Northeastern closer Thomas Balboni signed a contract with the San Diego Padres on Monday, bringing a trio of Husky pitchers to terms with the Major League Baseball organizations that drafted them last month.
“I’m someone that has the basic tools and I think they’re really excited to work with me and help me develop my body and my mechanics and put on muscle,” said Schlittler, who on July 18 became the highest-drafted Husky baseball player in six years as the No. 220 pick overall. “I’m really excited to work with them, so I think it’s going to be a great relationship.”
Schlittler leaves Northeastern with a 14-9 record and a 2.62 earned run average. He totaled 180 strikeouts in 182 innings across 31 appearances, including 30 starts.
The 6-foot-6 right-hander leads a sensational class of redshirt sophomore pitchers that yielded three picks while contributing to a larger trend of big-league opportunity at Northeastern. In all, 13 Husky baseball players have been drafted since 2018.
In the 15th round, Balboni was picked No. 450 overall by the San Diego Padres. Balboni, a 6-foot-4-inch righthander, struck out 37 in 32⅔ innings at Northeastern.
Keane, who was picked No. 550 overall by the Yankees, had previously been drafted in 2019 by the Boston Red Sox as a high school phenom but chose to attend Northeastern instead. Keane went 14-7 with a 4.98 ERA at Northeastern.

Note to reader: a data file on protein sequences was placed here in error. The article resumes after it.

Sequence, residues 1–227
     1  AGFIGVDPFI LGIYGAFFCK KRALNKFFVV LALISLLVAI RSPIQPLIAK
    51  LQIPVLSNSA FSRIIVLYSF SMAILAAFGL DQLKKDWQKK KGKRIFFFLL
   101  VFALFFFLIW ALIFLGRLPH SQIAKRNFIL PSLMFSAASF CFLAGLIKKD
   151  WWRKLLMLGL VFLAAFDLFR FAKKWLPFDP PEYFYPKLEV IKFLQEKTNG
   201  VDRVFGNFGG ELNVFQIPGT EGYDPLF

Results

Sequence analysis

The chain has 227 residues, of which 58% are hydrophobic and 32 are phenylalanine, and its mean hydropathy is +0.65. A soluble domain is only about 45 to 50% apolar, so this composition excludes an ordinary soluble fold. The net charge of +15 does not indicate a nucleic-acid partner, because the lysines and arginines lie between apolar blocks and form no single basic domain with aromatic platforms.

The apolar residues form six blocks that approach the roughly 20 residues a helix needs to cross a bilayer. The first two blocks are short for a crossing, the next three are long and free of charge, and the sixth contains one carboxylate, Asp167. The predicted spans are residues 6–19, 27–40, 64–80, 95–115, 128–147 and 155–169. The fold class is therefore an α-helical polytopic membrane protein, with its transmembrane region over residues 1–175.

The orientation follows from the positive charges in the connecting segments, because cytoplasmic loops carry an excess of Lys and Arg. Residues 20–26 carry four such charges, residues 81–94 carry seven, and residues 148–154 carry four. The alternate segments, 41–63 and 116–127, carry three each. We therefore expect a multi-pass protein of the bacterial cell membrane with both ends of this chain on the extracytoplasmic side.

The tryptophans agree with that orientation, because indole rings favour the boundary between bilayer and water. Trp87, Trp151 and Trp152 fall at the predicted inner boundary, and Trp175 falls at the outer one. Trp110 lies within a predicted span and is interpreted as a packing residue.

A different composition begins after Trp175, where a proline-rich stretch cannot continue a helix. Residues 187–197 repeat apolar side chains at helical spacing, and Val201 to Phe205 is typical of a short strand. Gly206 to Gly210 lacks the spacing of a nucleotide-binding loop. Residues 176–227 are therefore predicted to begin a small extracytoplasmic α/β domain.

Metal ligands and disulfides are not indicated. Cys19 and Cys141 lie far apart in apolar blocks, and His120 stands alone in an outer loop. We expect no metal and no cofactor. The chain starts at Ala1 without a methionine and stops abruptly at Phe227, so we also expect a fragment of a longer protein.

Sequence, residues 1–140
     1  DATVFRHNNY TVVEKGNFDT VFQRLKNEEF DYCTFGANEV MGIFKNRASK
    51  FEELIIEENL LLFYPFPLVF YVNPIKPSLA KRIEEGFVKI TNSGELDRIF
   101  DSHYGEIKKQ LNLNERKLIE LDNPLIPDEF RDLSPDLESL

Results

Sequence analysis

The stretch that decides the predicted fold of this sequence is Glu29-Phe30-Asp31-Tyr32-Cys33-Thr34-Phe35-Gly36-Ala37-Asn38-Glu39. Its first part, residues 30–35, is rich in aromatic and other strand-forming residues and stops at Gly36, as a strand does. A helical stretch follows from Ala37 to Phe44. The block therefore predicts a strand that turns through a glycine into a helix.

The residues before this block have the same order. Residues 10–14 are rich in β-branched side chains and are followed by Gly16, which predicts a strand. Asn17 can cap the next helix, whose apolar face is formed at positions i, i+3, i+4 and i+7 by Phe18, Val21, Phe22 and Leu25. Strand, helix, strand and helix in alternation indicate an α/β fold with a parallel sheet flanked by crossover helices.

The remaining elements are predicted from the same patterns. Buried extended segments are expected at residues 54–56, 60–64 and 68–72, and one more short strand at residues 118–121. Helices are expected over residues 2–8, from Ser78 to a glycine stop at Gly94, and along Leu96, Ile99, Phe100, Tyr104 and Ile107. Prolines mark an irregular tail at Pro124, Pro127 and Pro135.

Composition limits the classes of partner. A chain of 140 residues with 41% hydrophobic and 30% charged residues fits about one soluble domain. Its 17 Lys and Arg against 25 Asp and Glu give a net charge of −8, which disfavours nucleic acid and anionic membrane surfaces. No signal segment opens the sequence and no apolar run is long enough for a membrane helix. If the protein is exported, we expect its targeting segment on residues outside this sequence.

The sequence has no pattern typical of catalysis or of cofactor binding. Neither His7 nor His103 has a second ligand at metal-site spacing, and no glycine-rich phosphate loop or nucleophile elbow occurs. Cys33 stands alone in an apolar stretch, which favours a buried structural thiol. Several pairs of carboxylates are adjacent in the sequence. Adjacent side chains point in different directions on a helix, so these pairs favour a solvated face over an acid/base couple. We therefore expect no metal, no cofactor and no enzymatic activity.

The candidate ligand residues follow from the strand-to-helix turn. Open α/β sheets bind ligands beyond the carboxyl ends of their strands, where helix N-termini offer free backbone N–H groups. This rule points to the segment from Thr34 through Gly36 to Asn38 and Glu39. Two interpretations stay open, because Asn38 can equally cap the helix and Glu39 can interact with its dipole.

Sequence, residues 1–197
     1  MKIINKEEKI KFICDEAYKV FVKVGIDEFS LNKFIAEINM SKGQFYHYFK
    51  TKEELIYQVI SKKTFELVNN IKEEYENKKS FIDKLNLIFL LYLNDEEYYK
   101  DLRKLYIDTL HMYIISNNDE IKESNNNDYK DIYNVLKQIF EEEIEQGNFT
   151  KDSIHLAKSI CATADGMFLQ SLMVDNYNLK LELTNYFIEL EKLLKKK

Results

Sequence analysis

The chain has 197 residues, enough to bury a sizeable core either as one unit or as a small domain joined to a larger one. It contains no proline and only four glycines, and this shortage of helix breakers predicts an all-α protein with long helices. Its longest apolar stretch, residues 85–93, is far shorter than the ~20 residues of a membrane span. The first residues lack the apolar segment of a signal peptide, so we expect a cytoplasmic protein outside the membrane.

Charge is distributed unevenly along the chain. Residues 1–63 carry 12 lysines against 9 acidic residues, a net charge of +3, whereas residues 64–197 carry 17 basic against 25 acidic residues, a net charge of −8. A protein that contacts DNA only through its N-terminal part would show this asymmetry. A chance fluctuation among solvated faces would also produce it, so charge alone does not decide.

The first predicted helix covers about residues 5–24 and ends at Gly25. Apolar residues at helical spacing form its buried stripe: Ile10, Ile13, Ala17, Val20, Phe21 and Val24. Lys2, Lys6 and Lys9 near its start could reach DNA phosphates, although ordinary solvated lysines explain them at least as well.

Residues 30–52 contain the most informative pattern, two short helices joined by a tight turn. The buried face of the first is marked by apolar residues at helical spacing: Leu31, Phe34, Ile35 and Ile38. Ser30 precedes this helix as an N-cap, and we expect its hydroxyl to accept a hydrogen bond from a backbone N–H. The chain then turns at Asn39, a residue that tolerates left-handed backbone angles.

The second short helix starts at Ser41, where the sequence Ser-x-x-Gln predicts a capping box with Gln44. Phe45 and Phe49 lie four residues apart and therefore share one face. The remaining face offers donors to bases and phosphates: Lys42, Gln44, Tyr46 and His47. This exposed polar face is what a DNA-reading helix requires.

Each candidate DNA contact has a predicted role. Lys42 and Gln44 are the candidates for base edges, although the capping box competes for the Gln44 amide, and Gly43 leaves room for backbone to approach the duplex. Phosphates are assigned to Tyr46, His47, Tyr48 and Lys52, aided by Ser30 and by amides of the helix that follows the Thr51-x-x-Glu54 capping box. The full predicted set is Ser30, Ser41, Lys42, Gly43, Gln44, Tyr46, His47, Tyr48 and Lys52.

“We’ve always had a really good relationship,” Schlittler said of Keane and Balboni. “We’ve had the same goal to play professional baseball, and to see the three of us talk about it and work so hard for it, and for it to finally happen, it’s just amazing. We can’t thank each other enough for the work we put in together and competing against each other in all positive ways.”
Huskies coach Mike Glavine envisions all three hard-throwing pitchers continuing to develop physically while increasing their velocity to 95 mph or more.
“It’s great for recruits and current players to see that you go to Northeastern, there’s an opportunity to get drafted and make the big leagues,” Glavine said.
Schlittler’s signing was postponed when he tested positive for COVID-19 during a routine physical exam with the Yankees. He experienced no symptoms and spent five days isolated in a hotel room in Tampa, the Yankees’ spring training headquarters.
“It was definitely frustrating,” he said. “But now it’s a change of emotions and I’m just happy to finalize something I’ve been working so hard for.”
Schlittler expects to remain in Tampa to work out with the Yankees for the next month. When the minor league offseason begins in September, he’ll return to Massachusetts and may continue to take classes at Northeastern. He’ll work under the guidance of Eric Cressey, the Yankees’ director of player health and performance, before returning to Tampa in February for his first spring training with the Yankees organization—which will lead to his initial minor league assignment in 2023.
Schlittler expressed gratitude for the coaches and teammates who helped him develop during his three years as a Husky.
“I love the people, I love the environment,” Schlittler said of his time at Northeastern. “Being able to compete at a high level and still be able to have the academic side of it was why I chose Northeastern and I’m happy I did. The experience I had there over the last three years is awesome. I’m really excited about the opportunity they gave me and everything they provided for me, and I’m just glad that I was able to take advantage of it.”